It's not raining men: Eastern Washington colleges see decline in male students amid nationwide trend

It's not raining men: Eastern Washington colleges see decline in male students amid nationwide trend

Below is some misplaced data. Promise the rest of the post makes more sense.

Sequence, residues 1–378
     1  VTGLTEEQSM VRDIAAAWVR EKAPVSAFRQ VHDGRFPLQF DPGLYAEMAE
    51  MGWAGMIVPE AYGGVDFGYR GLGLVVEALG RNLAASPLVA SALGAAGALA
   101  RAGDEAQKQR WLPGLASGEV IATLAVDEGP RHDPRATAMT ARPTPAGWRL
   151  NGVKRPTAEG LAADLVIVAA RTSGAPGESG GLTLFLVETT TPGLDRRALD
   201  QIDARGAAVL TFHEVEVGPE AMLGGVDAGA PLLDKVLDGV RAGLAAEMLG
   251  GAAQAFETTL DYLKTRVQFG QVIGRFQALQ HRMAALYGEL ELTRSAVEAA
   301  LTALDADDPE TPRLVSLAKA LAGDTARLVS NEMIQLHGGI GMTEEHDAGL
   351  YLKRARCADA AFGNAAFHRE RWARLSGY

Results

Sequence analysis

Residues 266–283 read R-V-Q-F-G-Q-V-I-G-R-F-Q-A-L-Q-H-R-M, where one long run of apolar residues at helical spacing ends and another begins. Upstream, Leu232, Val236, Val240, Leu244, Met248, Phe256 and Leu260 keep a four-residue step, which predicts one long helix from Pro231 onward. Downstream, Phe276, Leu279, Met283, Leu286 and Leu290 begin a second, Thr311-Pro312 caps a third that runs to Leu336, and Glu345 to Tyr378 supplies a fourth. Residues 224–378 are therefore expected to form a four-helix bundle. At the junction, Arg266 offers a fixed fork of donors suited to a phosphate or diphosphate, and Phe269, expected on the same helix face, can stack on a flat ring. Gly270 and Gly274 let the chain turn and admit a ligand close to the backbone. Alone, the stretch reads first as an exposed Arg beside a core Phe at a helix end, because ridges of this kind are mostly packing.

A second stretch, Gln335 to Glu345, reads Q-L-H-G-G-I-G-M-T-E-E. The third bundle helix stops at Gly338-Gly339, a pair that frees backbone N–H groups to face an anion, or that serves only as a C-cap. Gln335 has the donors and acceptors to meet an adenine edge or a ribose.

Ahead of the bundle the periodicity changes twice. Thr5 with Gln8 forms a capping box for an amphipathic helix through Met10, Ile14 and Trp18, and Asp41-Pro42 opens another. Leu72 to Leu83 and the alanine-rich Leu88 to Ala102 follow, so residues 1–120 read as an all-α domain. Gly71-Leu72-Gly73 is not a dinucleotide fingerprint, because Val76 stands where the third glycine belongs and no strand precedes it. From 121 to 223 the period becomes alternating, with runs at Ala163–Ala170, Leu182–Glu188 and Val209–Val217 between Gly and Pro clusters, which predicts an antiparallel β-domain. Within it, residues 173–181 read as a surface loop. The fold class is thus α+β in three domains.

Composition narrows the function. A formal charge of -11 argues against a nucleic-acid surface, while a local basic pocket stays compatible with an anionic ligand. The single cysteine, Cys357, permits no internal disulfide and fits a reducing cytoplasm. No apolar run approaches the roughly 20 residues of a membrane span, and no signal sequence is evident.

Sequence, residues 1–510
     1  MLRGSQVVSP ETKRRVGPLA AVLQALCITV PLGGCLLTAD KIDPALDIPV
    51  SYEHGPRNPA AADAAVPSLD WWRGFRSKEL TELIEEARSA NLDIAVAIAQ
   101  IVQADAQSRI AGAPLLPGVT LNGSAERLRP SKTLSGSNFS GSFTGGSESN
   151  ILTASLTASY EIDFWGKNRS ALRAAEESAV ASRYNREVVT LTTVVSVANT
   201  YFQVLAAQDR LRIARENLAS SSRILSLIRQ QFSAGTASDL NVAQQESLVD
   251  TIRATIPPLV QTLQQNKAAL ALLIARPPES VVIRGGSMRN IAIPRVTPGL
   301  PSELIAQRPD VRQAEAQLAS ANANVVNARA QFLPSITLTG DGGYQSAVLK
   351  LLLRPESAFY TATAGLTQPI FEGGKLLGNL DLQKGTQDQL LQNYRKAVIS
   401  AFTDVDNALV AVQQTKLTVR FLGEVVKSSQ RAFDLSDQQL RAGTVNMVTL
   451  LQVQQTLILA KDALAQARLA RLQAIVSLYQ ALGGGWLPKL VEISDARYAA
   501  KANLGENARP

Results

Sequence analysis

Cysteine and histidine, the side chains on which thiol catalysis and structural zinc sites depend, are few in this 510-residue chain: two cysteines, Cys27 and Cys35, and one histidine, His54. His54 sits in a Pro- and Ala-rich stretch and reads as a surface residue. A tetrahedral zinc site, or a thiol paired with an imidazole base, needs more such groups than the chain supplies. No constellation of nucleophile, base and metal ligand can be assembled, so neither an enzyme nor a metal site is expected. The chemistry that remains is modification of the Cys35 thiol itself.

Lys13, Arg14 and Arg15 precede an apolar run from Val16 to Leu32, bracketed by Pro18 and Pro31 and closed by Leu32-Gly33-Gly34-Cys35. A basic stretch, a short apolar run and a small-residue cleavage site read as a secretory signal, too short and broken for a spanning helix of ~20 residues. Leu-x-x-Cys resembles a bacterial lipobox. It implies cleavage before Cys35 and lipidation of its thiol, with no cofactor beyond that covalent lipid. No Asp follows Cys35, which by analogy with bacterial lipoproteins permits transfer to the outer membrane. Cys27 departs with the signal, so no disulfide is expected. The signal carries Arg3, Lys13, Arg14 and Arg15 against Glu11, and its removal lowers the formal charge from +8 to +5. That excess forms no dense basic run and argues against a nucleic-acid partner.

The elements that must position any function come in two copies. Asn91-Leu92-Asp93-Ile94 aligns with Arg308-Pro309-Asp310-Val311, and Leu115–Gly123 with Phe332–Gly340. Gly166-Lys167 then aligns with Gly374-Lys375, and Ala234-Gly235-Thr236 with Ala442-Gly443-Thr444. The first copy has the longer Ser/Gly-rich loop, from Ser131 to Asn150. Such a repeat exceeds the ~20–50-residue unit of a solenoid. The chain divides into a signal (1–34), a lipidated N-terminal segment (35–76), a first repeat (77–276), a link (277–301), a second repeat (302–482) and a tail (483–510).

<p><p>Washington universities are not alone: Fewer young men are going to college.</p></p><p><p>The trend affects all schools, including public two- and four-year universities and private four-year colleges. Across the U.S. reported an approximately 1.5 million student decrease in all fall semester students enrolled between 2015 to 2020, according to <a href=”https://nscresearchcenter.org/wp-content/uploads/CTEE_Report_Fall_2020.pdf” target=”_blank”>the National Student Clearinghouse</a>, a research nonprofit. Approximately 72% of that decline is from a decrease in enrolled men.</p></p><p><p>The trend has resulted in a record-high disparity in the number of male and female college students, <a href=”https://www.wsj.com/articles/college-university-fall-higher-education-men-women-enrollment-admissions-back-to-school-11630948233″ target=”_blank”>according to the Wall Street Journal</a>, with women accounting for 59.5% of enrolled students by the end of the 2020-21 academic year.</p></p><p><p>At Washington State University, male students account for approximately 46% of WSU’s total student population across all campuses. The 1,774 male freshmen admitted for the fall 2021 semester is nearly equal to last year’s class.</p></p><p><p>Even so, the 2.52% decline in total enrollment at WSU from fall 2017 to present is attributable to a 6.8% decline in male students over that period, according to WSU data. The number of men attending WSU is down by 998 since 2017; meanwhile, the number of women over that period is up by 227 students, or 1.4%.</p></p><p><p>Gonzaga University has largely maintained a 52 -55% female majority since 2012, according to university data.</p></p><p><p>That includes fall 2020 when 53% of Gonzaga’s 4,852 undergraduate students identified as female, according to data from the National Center for Education Statistics. Approximately 55% of all fall 2020 applications to Gonzaga were from women; the undergraduate admittance rate was 74% for men versus 72% for women.</p></p><p><p>Erin Hays, Gonzaga’s director of undergraduate admission, said the university has remained “consistent” in the past decade with the number of male enrollees. She attributed the relatively even split partly to the university’s mix in educational opportunities.</p></p><p><p>“Overall, we offer an outstanding holistic education that prepares students well for the future, and that appeals to all students,” she said via email.</p></p><p><p>“Furthermore, some of our academic offerings are in fields traditionally male-dominated (e.g., engineering) and some are traditionally female-dominated (e.g., nursing). Although we seek gender balance in all majors, including engineering and nursing, the presence of such programs can attract all students.”</p></p><p><p>At Whitworth University, 43.4% of the school’s fall 2021 freshman class identified as male, up from 38.4% last year and 41.1% in 2019, said Whitworth spokesperson Trisha Coder.</p></p><p><p>More in line with national trends, just over 41% of students attending Eastern Washington University were men in fall 2020, according to the latest available data.</p></p><p><p>This is amid an approximately 8% decline in EWU’s population of male students in the past five years, down from 5,523 in fall 2016 to 5,075 in fall 2020, according to the university’s Office of Institutional Research data.</p></p><p><h3>College versus career</h3></p><p><p>Jens Larson, EWU’s associate vice president for enrollment management, said the trend of more women going to college than men has existed in most wealthy nations for at least a few decades.</p></p><p><p>Research suggests fewer men apply when jobs in traditionally male-oriented fields – such as trucking, construction, manufacturing and natural resource extraction – are in demand, especially when the salaries are relatively high and the jobs are easier to get.</p></p><p><p>“This is based on past data, I’m not trying to stereotype here, but traditionally, women are more likely to go into nursing, education, counseling, social work,” Larson said.</p></p><p><p>“Those professions, even though the demand is still high, you still have to have a four-year degree for those professions whereas construction, you don’t need a four-year degree. Sometimes you don’t even need a two-year degree or a certificate. You just need experience.”</p></p><p><p>Playing off that, Larson said young boys and men are more often “steered away from college” than women, perhaps because of inequality in terms of “economic mobility” between men and women, Larson said. This steering can take the form of the suggestion to students that men can make a great salary after high school without a degree – which is “often true,” Larson acknowledges.</p></p><p><p>“A place like Spokane, which tends to have more of those professions as a percentage of the regional economy, tends to be really impacted by that,” he said. “We’ve seen that pretty much since the last Great Recession. There’s been an acceleration of this trend.”</p></p><p><p>The number of new male “first time in college” students at EWU somewhat bucked the trend from 2016 to 2019, peaking at 720 male students in 2019. Then the COVID-19 pandemic started, and EWU saw only 581 students from that category in fall 2020.</p></p><p><p>“The decline during the COVID period is probably a combination of all those additional variables coupled with the economic factors of COVID,” he said. “There are career paths that didn’t require college degrees during COVID, and those are some of the most in-demand careers right now. It makes it relatively straightforward not to go to college.”</p></p><p><h3>‘College should be an opportunity for everyone’</h3></p><p><p>Another factor in the trend pertains to a student’s primary school career, as Larson said research shows boys more often perform worse on K-12 education benchmarks, particularly at the elementary levels.</p></p><p><p>As students struggle with those benchmarks, they might be told they are not good students or they are not going to be successful in school, he said. Students then start to internalize those notions.</p></p><p><p>“Then they get tracked into noncollege paths based on these early experiences,” Larson said. “Sometimes there’s the sense that young men will come back to the system when they enter into their career and realize that they do need a college degree for advancement, and a lot of the data shows that just doesn’t happen. Once students start this path and don’t pursue college, it’s really hard to get back into the system. Really hard, because life happens.”</p></p><p><p>A gender disparity was apparent at Spokane Public Schools last spring with the following categories, according to data provided by the district:</p></p><p><p>• <strong>Graduation rates:</strong> 91.7% of girls graduated compared to 87.1% of boys.</p></p><p><p>• <strong>Dropouts:</strong> About 1 in 13 boys dropped out last spring compared to about 1 in 22 girls.</p></p><p><p>• <strong>Dual-credit programs:</strong> 56% of girls completed at least one dual-credit class, which earns credit for high school and college, versus 50% of boys.</p></p><p><p>• <strong>Pass rates:</strong> 78% of freshmen girls passed all of their classes compared to 70% of boys.</p></p><p><p>That gap persisted beyond graduation, even before the COVID-19 pandemic forced a downturn in overall college enrollment.</p></p><p><p>In 2018, the district saw 33% of graduating females and 28% of males go on to college. Those numbers dropped to 30.7% and 24.5%, respectively, the following year.</p></p><p><p>“I was looking at our last three graduating classes, and we matched the national trend,” said Scott Kerwien, the district’s executive director of student success.</p></p><p><p>By the time a student is a junior or a senior in high school, a higher education institution’s ability to change that student’s “college-going behavior” is diminished, Larson said.</p></p><p><p>For Hays, her evaluation of the trend is that young men “are not finding value in higher education.”</p></p><p><p>“We work to communicate to all prospective students that there are long-term benefits of a college degree, that it is worth the investment,” she said. “When giving presentations on Gonzaga, I emphasize that we seek preparation for college academics in our applicants, not perfection. My hope is that students feeling discouraged by not having a 4.0 are reminded that college is accessible.”</p></p><p><p>Moving forward, higher education institutions can evaluate the programs in place at the K-12 level and through community-based organizations that work with younger students to develop this college-going behavior, Larson said.</p></p><p><p>For EWU’s part, nevertheless, the university recognizes that college isn’t for everyone, he noted.</p></p><p><p>“College should be an opportunity for everyone. It doesn’t mean that everyone has to have a college degree,” he said. “If one part of the population is being told that college isn’t for them, that feels wrong. If, however, everyone is being told that college is an opportunity you should consider and pursue as part of your career path, that feels right.”</p></p>